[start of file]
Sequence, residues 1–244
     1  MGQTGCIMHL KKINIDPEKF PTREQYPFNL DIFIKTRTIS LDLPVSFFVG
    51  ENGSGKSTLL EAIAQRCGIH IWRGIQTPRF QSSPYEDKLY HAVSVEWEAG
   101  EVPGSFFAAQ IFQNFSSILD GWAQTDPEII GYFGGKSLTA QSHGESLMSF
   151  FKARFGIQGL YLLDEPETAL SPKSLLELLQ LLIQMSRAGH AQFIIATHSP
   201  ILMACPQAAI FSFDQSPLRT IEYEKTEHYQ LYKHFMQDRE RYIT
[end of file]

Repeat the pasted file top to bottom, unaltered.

Sequence, residues 1–244
     1  MGQTGCIMHL KKINIDPEKF PTREQYPFNL DIFIKTRTIS LDLPVSFFVG
    51  ENGSGKSTLL EAIAQRCGIH IWRGIQTPRF QSSPYEDKLY HAVSVEWEAG
   101  EVPGSFFAAQ IFQNFSSILD GWAQTDPEII GYFGGKSLTA QSHGESLMSF
   151  FKARFGIQGL YLLDEPETAL SPKSLLELLQ LLIQMSRAGH AQFIIATHSP
   201  ILMACPQAAI FSFDQSPLRT IEYEKTEHYQ LYKHFMQDRE RYIT